Scottish shale Scottish shale

Shale mines in the Addiewell area

  • Geological map

    James Young chose to site his great oil works at Addiewell where there appeared to be an abundance of oil-rich shales, along with coal to fuel the processes. Addiewell Chemical Works was one of the largest industrial complexes in Scotland at that time, and took almost four years to construct.

    The oil shales mined at Addiewell proved to be some of the most oil-rich in Scotland, with seams close to the surface that could be easily worked. In some cases both oil shale and coal were worked at the same pit. The seams of oil shale however were often more narrow than usual elsewhere and extended over only a limited area. The minerals in the vicinity of the works were quickly exhausted, and mining was soon extended to the Baads Estate south of Addiewell, and the lands of Polbeth to the east.

    While construction of Addiewell Chemical Works was still underway, stockpiles of shale and coal were accumulated from a number of nearby pits and mines. In 1865, the Scotsman reported:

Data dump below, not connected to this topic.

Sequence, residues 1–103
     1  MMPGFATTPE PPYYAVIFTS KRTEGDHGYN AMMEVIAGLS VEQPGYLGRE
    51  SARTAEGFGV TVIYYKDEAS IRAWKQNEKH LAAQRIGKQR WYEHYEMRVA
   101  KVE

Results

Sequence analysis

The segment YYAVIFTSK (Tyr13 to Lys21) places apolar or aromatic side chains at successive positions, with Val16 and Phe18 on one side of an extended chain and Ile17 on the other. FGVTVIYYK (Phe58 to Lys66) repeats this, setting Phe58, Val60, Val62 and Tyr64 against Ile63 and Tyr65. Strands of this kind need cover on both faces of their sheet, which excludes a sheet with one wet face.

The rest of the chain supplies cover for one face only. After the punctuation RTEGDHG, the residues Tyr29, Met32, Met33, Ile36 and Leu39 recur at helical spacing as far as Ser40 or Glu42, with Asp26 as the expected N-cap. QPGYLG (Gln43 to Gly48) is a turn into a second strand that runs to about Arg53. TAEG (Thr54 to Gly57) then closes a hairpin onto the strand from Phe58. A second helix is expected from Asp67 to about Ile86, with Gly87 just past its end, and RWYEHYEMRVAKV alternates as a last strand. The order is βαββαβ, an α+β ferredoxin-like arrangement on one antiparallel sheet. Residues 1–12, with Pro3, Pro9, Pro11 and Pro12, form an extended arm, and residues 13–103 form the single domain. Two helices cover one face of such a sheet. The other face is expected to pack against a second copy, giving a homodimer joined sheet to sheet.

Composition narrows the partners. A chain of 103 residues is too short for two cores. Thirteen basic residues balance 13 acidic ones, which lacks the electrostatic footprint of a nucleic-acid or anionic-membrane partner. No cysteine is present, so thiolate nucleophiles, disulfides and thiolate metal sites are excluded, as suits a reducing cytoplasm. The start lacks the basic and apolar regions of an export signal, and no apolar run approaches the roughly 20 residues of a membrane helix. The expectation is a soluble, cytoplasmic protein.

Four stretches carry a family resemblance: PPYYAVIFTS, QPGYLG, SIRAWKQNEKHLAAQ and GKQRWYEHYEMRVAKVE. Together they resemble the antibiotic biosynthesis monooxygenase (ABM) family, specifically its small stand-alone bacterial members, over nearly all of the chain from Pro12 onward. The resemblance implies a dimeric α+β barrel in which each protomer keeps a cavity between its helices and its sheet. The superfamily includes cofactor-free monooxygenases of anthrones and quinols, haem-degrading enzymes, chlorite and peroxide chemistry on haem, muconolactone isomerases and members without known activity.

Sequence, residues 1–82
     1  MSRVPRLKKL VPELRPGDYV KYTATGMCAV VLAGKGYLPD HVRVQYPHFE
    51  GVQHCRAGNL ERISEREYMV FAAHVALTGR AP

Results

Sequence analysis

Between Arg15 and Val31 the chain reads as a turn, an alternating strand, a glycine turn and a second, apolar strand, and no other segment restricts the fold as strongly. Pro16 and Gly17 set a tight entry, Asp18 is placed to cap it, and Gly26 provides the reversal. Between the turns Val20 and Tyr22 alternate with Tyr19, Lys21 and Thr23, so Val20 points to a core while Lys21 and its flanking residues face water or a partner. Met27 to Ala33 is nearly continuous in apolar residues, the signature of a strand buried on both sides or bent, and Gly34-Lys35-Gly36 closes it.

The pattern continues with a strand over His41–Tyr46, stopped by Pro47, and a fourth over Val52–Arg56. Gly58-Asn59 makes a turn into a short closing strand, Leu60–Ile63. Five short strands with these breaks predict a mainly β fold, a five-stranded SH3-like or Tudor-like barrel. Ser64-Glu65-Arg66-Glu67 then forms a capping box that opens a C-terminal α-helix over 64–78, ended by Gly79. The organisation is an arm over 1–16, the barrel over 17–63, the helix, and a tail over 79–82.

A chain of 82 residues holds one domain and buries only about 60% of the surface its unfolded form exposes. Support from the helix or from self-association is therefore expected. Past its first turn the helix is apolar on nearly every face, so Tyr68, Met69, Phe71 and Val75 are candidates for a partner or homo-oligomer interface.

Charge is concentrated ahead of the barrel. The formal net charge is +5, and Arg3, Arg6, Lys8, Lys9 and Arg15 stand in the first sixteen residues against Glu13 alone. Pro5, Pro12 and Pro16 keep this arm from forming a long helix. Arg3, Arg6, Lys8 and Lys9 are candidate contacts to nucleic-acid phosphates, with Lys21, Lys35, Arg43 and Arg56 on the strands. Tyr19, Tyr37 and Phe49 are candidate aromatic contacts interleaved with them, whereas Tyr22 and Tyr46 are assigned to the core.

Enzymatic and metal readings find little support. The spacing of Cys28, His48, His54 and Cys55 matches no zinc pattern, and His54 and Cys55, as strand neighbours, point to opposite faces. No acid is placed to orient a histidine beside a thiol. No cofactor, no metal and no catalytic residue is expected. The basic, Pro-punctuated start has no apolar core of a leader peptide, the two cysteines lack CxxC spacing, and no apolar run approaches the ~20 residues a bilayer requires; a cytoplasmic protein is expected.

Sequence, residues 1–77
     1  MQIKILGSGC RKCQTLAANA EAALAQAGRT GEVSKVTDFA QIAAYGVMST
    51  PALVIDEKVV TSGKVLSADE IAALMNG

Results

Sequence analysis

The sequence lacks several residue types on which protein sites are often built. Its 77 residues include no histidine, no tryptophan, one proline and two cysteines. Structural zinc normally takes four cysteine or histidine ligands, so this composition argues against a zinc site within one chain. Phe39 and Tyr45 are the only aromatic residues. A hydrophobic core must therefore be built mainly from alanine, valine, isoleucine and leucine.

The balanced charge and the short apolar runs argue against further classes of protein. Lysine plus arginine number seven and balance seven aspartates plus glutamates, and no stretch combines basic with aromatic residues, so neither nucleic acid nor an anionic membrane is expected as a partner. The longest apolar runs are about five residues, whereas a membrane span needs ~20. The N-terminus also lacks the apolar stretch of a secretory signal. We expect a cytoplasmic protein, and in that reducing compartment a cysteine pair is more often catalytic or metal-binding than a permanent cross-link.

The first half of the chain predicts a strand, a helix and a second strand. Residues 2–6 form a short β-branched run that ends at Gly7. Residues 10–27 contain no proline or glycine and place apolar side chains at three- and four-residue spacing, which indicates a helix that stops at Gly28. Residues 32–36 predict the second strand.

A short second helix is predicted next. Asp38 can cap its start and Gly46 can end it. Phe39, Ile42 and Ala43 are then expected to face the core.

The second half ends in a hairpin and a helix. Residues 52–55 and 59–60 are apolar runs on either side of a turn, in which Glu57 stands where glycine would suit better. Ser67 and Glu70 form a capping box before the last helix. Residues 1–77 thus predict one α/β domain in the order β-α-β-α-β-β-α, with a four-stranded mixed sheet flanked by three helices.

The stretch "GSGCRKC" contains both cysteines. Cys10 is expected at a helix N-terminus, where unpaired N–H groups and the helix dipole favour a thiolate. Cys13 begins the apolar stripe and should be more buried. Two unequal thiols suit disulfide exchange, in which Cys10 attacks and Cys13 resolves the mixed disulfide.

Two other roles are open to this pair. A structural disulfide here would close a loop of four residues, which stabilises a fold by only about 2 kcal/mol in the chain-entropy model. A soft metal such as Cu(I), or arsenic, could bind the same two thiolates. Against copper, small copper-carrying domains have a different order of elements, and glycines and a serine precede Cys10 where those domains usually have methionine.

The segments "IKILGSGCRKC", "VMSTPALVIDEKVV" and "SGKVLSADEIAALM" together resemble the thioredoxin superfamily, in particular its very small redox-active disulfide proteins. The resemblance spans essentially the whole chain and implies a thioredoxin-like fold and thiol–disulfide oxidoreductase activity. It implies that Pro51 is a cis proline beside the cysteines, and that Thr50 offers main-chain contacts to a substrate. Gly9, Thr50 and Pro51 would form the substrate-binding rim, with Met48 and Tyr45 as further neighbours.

"....six pits (are) being worked night and day. These pits are quite close to where the new buildings will stand, and are within a short distance of each other. The deepest of these pits is sixty fathoms, and it contains two seams that are being simultaneously wrought. The topmost consists of shale and the lower one of ordinary fuel."

    An article in Glasgow Herald dated 20th October 1870 mentions a series of 13 pits then worked by Young's company, and provides details of ten of them:

    • No.1 pit: 34 fathoms to coal and 51 fathoms to shale
    • No.2 pit: 52 fathoms to coal and 82.5 fathoms to shale
    • No.5 pit: 17.5 fathoms to shale
    • No.7 pit: 30.5 fathoms to shale
    • No.8 pit: 44 fathoms to shale
    • No.9 pit: 35.5 fathoms to shale
    • No.10 pit: 28.5 fathoms to shale
    • No.11 pit: 70 fathoms to coal and 102 fathoms to shale
    • No.12 pit: 24 fathoms to shale
    • No.13 pit: 35 fathoms to shale

    The article indicates that the relatively narrow seams of shale found in the area were worked "almost universally" by the long-wall method. Pits had a single shaft, divided into two with a timber partition to effect ventilation; a practice that was soon to be banned following the Starlaw disaster of 1870.

    While the sites of all 13 pits have been identified, the status of various mines shown on some mining plans remains uncertain. it appears that Young's may have numbered mines in a different sequence from its pits.